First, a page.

The first school was taught by Andrew Stewart, in 1841, near Stockton, and among his pupils was Thomas B. Graham. Another early teacher was C. Lindsey. In 1847 school townships were organized, but there is no record of school instituted. In 1898 there were eighty-seven schools, 106 teachers, and the permanent school fund was $35,735.89. The first preachers were Baptists; James J. Johnson was the pioneer, in 1837, and organized a church on Cedar Creek soon afterward. Other early ministers of the same denomination were Obadiah Smith, Daniel Murphy, David Satterfield and J. Lunsford.
Cedar County was created February 14, 1845, from portions of Dade and St. Clair Counties, and was named for Cedar Creek, one of its principal water courses. The first county court was held April 7th, following, at Crow's Mill, near the mouth of Bear Creek. Thomas Jones, James L. Henry and Ezra Hamer were the justices, with Joseph Allen as clerk, James Cawthon as sheriff, and Thomas Smith as assessor. The seat of justice was established at Stockton in 1846. The first circuit court session was held by Judge Foster P. Wright, September 29, 1845, at the house of Elisha Hunter, two miles south of Stockton, on the Greenfield Road. A grand jury was impaneled, which retired to a buckeye grove, in the absence of a room other than that occupied by the court.
Among the early attorneys were S. M. Grant and Shadrach Chandler; Waldo P. Johnson, afterward a circuit judge and a United States Senator, and DeWitt C. Ballou and Littleberry Hendricks, who both occupied the bench in later years. Until recent years there was much to retard progress. Previous to the Civil War the county was disturbed by hostile meetings between Free-Soil and slavery men, on account of its proximity to Kansas. It is believed that the arms-bearing portion of the population entered the contending armies in about equal numbers.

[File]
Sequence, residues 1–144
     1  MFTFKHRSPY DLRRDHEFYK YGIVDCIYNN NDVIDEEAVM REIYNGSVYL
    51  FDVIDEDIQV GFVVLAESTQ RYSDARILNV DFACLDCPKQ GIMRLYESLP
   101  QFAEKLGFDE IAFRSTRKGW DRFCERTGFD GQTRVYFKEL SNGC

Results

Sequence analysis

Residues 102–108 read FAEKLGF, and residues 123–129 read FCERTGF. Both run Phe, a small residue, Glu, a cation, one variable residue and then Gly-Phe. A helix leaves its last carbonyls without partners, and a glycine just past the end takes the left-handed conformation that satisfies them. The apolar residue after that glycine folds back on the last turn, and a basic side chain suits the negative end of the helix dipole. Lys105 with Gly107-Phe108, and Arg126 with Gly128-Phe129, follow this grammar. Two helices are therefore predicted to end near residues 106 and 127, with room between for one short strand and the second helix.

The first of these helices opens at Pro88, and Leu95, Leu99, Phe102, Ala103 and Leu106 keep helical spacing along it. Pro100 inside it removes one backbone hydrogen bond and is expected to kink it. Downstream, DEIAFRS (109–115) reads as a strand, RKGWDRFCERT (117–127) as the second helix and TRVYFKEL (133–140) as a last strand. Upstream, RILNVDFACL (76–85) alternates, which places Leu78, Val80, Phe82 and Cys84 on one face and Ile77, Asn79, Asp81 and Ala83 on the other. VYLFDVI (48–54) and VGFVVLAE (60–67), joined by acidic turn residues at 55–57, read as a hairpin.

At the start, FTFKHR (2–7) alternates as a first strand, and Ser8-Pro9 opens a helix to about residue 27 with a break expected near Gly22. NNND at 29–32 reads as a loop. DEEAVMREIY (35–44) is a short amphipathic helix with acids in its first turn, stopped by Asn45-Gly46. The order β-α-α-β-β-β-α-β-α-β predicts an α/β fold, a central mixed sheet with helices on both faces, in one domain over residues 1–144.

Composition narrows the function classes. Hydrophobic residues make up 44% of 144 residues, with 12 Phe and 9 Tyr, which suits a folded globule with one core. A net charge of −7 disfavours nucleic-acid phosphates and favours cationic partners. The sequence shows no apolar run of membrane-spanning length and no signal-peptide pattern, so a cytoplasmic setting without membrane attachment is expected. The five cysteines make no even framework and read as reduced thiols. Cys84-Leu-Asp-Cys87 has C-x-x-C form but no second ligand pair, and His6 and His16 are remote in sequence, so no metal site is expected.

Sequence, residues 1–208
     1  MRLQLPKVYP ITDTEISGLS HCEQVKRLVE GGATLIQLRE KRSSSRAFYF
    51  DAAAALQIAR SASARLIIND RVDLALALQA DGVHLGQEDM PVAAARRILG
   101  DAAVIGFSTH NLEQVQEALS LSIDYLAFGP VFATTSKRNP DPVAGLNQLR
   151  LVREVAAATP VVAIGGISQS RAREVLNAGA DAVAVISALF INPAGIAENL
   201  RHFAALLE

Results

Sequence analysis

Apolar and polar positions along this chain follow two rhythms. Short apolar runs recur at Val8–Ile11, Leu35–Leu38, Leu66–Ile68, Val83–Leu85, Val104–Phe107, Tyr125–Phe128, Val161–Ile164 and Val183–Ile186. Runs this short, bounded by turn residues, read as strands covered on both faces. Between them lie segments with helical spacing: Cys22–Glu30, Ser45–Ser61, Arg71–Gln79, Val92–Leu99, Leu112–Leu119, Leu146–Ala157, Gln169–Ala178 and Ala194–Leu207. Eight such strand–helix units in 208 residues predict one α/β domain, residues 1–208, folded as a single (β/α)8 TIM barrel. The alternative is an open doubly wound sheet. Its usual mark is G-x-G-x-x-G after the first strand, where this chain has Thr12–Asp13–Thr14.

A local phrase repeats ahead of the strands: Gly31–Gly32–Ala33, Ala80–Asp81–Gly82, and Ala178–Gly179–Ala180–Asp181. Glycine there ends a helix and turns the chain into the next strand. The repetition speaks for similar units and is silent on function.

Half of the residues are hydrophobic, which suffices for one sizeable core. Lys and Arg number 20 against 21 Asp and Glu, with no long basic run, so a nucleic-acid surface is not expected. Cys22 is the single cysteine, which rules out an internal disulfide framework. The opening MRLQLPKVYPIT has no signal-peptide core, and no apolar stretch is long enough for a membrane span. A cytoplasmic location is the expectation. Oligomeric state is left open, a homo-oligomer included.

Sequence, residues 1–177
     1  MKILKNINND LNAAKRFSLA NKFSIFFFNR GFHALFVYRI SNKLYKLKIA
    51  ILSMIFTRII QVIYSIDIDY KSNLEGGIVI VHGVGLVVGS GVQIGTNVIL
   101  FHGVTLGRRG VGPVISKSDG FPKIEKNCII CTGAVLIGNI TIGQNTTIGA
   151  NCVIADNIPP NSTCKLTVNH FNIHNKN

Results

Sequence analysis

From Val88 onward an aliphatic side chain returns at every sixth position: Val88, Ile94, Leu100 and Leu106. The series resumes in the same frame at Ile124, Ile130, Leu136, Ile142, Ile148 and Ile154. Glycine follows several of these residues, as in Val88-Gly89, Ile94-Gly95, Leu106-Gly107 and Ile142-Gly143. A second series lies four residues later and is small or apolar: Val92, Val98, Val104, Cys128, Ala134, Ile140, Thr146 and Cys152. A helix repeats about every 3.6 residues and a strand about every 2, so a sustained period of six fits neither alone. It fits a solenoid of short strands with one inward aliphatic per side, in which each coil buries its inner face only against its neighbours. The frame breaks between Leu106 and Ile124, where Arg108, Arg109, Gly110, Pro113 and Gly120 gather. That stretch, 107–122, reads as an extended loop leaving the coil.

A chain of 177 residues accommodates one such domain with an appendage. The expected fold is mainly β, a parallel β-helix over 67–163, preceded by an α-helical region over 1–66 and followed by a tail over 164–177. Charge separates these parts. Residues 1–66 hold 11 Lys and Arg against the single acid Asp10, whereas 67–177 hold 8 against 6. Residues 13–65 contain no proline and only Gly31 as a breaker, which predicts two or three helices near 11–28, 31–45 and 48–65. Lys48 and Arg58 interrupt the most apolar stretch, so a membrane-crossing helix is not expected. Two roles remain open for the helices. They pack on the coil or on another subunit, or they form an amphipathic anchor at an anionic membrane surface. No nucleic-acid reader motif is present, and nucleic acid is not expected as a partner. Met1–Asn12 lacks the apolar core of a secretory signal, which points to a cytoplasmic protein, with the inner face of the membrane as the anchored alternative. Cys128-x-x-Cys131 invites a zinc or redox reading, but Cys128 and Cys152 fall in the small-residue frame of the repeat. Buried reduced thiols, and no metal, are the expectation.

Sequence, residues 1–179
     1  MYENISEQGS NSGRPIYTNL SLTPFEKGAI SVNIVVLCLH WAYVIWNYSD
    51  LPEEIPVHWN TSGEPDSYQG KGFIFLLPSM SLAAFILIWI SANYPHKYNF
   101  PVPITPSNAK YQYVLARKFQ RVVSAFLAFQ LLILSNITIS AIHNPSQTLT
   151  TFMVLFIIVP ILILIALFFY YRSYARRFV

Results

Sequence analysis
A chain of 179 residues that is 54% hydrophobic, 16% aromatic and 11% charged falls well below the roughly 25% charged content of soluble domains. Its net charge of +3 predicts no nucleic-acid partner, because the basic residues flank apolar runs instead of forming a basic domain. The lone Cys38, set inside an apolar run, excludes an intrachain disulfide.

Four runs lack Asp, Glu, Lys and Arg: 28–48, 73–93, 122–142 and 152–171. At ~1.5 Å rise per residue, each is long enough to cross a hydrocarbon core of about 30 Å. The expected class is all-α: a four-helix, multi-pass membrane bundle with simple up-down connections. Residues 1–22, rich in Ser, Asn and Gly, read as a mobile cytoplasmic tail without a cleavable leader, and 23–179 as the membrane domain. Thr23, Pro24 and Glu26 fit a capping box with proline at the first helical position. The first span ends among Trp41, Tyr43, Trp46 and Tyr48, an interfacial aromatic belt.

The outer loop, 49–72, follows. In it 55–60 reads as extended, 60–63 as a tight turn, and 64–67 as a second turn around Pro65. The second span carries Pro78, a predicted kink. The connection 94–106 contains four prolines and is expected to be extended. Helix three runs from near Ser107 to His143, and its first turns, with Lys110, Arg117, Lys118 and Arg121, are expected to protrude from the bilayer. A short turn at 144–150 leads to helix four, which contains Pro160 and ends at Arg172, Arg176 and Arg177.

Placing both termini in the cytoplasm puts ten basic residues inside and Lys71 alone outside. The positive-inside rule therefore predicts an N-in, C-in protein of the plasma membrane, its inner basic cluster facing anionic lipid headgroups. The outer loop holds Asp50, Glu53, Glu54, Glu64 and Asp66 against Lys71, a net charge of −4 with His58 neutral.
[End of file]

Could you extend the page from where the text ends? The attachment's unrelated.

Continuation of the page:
In the Union service were two companies of the Seventh Provisional Regiment, commanded by Captains P. H. Rohrer and Dennis H. Connaway, afterward forming a part of the Fifteenth Cavalry Regiment, Missouri State Militia; a considerable portion of the Eighth Cavalry Regiment, Missouri State Militia, commanded by Colonel Joseph J. Gravelly, a distinguished citizen of the county; and a part of a battery of artillery, commanded by Captain William C. Montgomery, in which served Lieutenants T. M. Montgomery and T. J. Travis. In the Confederate service were the Stockton Grays, commanded by Captain B. F. Walker; companies commanded by Captains J. A. Musgrove and J. W. Prowell, and a portion of a company commanded by Captain Reynolds, then of St. Clair County. Captain Walker became colonel, succeeding Colonel James Cawthon, of Stockton, who was killed in battle.
During the war the county was frequently traversed by bodies of troops of either side, and many deeds of violence and destruction were committed by irregular bands. After the restoration of peace, a new immigration began, and new towns were established, among them Lebeck, many of whose people were Adventists and Latter-Day Saints. The entire population is of a stable character, and the county is steadily advancing in all material ways.
[Source: Encyclopedia of the History of Missouri Volume I; Edited by Howard Louis Conard; Publ. 1901; Transcribed by Andrea Stawski Pack.]